A taste of Jerez

Want to know why MotoGP is such a draw?

Jerez de la Frontera: a city infused with historical and artistic heritage and most importantly home to one of the biggest motorcycle capitals in the world. Situated in the community of Andalucía on the Atlantic Coast, north west of Gibraltar, the journey to the motorcycle-mad city is one of beauty and excitement. If you’re coming from Malaga or Gibraltar, there are two large airports within easy driving distance of both the city and the track, making it as convenient as it is enjoyable.

Jerez is a city rich in motorsport history and provides the perfect platform for the annual MotoGP event (traditionally one of the first stops for the series on European soil). Having first been blessed with the roar of engines in the early 60’s the city planned and organised a prestigious international race in the local streets of Jerez entitled ‘Trofeo de la Merced’ which brought about the likes of the late Angel Nieto (after whom the Jerez circuit is now named), Ricardo Tormo and Barry Sheene. The spirit of motorsport has ever since been shared among the public and in 1985 Jerez quickly became one of the most famous circuits, paving the way for the first Spanish Grand Prix in 1987. Crowds flood in by the thousands and display a passion for the sport that is tangible. The event has grown into more of a celebration rather than just another race with over 129,000 spectators last year. It is a celebration of the people, the sport and their unrelenting love of two-wheels.

Upon arriving to Jerez it becomes very clear that there are various strong elements that define the city. Wine, horses, religion and motorsport are among the most important. Exploring the centre of the town is like walking through urbanity that time forgot; roads and architecture effortlessly charming with jagged edges. Shells of ancient buildings are fitted with todays modern businesses creating rustic elegance and monuments have been brilliantly preserved to exhibit a life lived centuries ago. These buildings carry the foundations of Roman, British and Spanish culture with modern day flare. An experience unique to the Jerez race weekend.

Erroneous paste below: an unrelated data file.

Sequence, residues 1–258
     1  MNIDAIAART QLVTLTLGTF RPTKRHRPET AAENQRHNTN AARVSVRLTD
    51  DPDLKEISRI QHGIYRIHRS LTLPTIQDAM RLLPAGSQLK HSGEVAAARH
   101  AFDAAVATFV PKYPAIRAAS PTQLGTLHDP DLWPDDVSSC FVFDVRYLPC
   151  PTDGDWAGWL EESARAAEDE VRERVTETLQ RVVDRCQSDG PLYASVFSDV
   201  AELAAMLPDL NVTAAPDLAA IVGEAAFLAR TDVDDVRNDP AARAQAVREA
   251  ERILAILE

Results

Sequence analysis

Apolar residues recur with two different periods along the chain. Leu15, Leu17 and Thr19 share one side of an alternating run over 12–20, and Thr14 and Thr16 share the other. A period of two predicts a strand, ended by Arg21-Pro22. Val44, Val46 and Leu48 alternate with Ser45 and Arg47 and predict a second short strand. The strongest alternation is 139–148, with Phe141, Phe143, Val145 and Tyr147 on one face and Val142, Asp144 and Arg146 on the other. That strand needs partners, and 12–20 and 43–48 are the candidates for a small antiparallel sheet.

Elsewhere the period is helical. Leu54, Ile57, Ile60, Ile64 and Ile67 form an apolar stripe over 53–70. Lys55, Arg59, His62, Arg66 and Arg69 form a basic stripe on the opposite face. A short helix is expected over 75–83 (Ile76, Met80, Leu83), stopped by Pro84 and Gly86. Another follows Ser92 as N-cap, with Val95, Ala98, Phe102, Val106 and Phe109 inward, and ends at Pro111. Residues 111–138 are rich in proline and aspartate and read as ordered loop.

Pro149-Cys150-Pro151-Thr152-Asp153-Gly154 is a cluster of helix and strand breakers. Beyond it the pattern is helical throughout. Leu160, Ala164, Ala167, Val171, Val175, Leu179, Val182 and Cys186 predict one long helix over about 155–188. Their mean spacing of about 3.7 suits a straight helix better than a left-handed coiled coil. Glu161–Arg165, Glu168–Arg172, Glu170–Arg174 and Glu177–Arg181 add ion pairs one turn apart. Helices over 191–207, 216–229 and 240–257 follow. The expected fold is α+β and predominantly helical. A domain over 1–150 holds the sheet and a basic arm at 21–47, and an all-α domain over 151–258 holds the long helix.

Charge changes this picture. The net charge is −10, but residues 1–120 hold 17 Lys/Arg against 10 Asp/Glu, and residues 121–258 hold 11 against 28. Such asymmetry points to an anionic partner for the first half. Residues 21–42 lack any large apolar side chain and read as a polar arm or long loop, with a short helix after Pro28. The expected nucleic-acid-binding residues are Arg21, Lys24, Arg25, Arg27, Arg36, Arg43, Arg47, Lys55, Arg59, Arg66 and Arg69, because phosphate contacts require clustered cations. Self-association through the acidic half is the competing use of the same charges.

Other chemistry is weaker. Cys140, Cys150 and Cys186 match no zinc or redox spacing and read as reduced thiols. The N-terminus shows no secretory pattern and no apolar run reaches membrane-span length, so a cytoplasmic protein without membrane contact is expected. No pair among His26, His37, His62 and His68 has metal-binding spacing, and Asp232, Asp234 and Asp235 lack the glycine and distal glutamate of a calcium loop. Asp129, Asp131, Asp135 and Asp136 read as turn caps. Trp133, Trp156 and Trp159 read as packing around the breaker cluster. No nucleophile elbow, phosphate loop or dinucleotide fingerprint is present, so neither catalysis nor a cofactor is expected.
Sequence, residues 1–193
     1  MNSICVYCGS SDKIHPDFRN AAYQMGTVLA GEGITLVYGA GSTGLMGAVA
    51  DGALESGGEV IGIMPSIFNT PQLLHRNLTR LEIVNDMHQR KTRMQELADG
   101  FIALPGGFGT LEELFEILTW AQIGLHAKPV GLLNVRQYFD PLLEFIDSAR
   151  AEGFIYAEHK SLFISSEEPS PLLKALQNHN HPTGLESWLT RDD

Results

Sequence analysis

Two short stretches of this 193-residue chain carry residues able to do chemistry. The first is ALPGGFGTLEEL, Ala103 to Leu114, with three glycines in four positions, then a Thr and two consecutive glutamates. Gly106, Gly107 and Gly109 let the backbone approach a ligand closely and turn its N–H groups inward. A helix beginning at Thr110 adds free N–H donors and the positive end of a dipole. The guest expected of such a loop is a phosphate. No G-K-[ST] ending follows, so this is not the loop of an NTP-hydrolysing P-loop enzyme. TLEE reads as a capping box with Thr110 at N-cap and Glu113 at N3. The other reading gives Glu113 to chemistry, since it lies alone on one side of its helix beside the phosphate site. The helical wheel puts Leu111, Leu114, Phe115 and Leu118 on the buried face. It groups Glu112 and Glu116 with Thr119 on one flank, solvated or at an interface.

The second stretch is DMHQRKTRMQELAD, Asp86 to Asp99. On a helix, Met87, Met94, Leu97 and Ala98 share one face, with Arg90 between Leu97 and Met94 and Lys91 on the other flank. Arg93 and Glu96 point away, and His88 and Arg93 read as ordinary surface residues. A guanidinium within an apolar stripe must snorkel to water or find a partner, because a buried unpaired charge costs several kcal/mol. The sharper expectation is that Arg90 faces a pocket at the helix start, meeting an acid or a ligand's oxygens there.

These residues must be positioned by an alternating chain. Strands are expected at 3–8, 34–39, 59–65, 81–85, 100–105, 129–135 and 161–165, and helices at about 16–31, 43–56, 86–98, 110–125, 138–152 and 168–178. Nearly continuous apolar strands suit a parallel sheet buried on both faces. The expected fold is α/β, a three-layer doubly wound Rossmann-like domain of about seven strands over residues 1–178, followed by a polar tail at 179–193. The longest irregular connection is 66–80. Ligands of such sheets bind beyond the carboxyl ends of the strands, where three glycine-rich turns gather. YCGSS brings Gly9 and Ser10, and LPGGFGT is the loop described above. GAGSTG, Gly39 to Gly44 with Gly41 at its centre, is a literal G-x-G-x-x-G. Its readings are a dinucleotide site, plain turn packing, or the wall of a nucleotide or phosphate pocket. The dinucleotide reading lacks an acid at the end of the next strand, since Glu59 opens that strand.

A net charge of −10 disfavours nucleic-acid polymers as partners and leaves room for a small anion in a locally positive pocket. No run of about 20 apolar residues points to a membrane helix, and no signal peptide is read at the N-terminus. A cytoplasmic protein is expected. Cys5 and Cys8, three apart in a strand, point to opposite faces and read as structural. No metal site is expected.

Hotels are scattered around the city, ranging in price to appeal to your preference and the majority situated less than fifteen minutes away from the circuit. They are simple, pleasant and encapsulate the old era of Spain with classic colours, furnishings and design. Greeted by the friendliest of staff, in the perfect location (the climate is normally very agreeable), The town is the ultimate spot to base yourself for the GP weekend. The main road from Jerez leads right to the circuit, making it an easy and accessible option for both seasoned and new travellers alike.

Restaurants are dispersed all over the city with strong traditional Spanish influence. Mesón del Asador, a carnivores paradise with delicious cuts of meat to satisfy your cravings, Albores a traditional restaurant that juxtaposes contemporary flavours with quality seafood and Spanish tapas and last but certainly not least, Bar Juanito a rustic experience that offers you a little piece of Spain each time you visit. These are just a few of the many delicious options Jerez has to offer.

From Thursday evening passionate chaos floods the local streets with any kind of road ‘rules’ blind-eyed by the authorities. It’s a free-for-all occasion attracting men, women and children of all ages. There are no limitations, just pure enjoyment and it is the perfect example of how similar interests can bring so many unique people together. The atmosphere consistently erupts from the multitude of howling engines, and smoke coats your lungs as scorched tyres leave their mark on the tarmac like graffiti. The show the riders put on is not the only spectacle to be seen. The combination of on and off track enthusiasm is a match made in heaven that will be engrained in your memories for a long time.

Photos by CormacGP

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